The second cause of the crisis of the press in Azerbaijan is the political intentions of authorities. On August 7, 1998, under the pressure of the international community, the authorities were forced to abolish political censorship in the media. At that time all publications were able to be economically independent (then the mass media was different, because of its openness, correctness, professionalism, responsibility and moral level). Opposition newspapers were among important financial sources of their parties. The ratio of independent, opposition and governmental newspapers constituted about 1:1:1. Of course, this situation, where the press was under public control, was rather dangerous for the authorities, the activities of which are based on a closed economy and political manipulation. Thus, it was decided to deprive the press of its financial independence and make it economically dependent on itself. The main blow was delivered to the independent press, which enjoyed the population’s confidence. A campaign of economic suppression of the media started at the end of 1998. It included the closure and/or limitation of activities of newspaper distribution firms, a rise the newsprint price, typographic services and newspapers distribution, fines, and, the most important, pressure on firms placing ads in independent and opposition newspapers. This policy continues up to today. Many newspapers have debts. In order to reduce expenses, editorial offices have been forced to cut staff, reduce salaries and decrease the number of pages. Authorities have achieved their aim – the majority of newspapers have passed into their control. The print media in Azerbaijan has turned into but a shadow of what one considers to be a press. The majority newspapers are issued in black-and-white format with low typographic quality, have a circulation of 3,000-5,000 copies a day and are mostly without advertisement, failing to make ends meet. In such a situation the newspapers are forced to take the following steps: receive secret subsidies in exchange for loyalty or to be engaged in extortion. The process of moral degradation of the press mirrors the moral degradation of Azerbaijani society. Today a very dangerous idea of the role and place of the press is being imposed on the Azerbaijani society. It is regarded as a source of unearned income and a manipulation and black PR tool. One more problem is the low circulation of newspapers, due to the low purchasing capabilities of the population. Many people cannot afford to buy even one newspaper at the price of 1,000 manat a day. A poll held in early 2006 in 15 regions and 12 cities of Azerbaijan by the sociological service Pulse-P showed that 43 percent of those polled are ready to buy newspapers, if their incomes increase, and 23 percent will buy if the price of newspapers drops. As in the case of advertisements, here we also deal with the socio-economic problems of society.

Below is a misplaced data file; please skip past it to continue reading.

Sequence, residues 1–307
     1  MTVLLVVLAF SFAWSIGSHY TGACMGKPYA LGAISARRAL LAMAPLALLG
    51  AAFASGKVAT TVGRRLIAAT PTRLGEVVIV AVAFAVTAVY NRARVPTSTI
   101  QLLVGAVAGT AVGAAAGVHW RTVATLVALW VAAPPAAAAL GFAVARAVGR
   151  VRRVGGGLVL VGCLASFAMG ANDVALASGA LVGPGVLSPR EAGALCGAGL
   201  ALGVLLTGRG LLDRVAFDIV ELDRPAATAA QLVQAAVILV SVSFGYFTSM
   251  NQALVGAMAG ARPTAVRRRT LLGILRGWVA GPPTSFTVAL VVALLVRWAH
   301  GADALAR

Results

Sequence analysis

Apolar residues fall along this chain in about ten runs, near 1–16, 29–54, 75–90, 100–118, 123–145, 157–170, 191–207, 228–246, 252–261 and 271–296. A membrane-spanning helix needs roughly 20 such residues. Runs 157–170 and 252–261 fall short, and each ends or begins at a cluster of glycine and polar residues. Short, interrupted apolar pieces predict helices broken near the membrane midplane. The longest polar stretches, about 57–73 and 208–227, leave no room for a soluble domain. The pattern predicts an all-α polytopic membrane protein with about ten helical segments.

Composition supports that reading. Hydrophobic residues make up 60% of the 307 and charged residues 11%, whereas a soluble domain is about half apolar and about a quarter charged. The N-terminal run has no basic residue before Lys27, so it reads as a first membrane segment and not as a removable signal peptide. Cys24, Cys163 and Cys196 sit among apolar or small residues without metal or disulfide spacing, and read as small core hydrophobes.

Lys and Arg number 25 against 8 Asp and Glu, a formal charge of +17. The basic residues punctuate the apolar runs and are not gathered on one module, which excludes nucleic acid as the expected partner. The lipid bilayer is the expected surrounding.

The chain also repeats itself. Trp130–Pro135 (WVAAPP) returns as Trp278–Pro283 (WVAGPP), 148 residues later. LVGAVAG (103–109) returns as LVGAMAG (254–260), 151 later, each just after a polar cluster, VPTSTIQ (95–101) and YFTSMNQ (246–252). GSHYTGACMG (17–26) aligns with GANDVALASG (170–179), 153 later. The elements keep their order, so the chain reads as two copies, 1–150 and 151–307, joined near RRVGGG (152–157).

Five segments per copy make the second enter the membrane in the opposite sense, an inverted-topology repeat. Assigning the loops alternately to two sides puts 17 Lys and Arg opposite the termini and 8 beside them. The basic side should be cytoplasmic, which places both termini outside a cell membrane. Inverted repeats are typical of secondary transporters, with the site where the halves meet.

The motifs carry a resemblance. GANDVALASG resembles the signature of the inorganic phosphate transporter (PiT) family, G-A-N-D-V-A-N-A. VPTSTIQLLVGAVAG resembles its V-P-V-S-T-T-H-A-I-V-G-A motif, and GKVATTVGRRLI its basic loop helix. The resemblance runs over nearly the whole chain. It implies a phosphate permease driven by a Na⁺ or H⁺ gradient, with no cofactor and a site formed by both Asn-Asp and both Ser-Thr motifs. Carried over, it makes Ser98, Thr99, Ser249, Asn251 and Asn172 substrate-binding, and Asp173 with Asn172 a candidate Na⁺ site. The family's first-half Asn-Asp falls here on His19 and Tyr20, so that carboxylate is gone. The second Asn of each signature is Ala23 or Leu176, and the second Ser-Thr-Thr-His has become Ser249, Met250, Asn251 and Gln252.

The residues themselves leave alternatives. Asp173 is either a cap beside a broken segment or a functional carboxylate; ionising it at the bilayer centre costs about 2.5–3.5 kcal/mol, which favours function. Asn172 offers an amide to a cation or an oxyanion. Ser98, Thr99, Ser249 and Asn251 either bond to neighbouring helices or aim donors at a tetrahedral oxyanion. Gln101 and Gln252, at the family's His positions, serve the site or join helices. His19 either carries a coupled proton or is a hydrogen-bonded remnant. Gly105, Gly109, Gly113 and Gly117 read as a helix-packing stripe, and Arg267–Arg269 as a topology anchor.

In order to resolve the main problem of press development it is necessary first of all create an open and liberal economy and liquidate monopolies. These are tasks to be done in the first stage. Tasks to be carried out in the second stage include encouraging advertising or exempting advertisements from taxes, introduction of product’s cost price into its structure and the abolition of any restrictions on advertisement. As an urgent and radical measure for the first five years it is necessary to introduce obligatory advertising quotas for all juridical economic ventures of at least 1 percent of their total annual income. In order not to burden businessmen, it is necessary to reduce profit tax from 24 percent to 23 percent. The remaining 1 percent should be spent on press advertisements. In 2005 the total official profit tax for ell economic subjects throughout the country totaled 1 trillion 777 billion manat ($376 million). If 1 percent of this figure was allocated for press advertisements, it would have totaled 74 billion manat or $16 million. This would not have been burdensome for the state budget. According to the estimates of specialists, $1 invested in advertisement will bring an additional profit of between $2 and $300. In this case, the incomes of both businessmen and the budget will increase. In the first year newspapers will derive a sufficient profit from advertisements. All these measures will lead to dynamic development of the non-oil sector, the formation of a liberal economy, the growth of advertising culture, the recovery of the press and its evolution from a political instrument into a commercial one. With such an approach in the coming two years, newspapers’ advertising profits could reach $30-100 million a year. Free and open financial flows will impel newspapers to compete for the reader, which is the main object of interest both for the press and advertising accounts. The financial recovery of newspapers will lead to increased quality of the product and the professional level of journalists.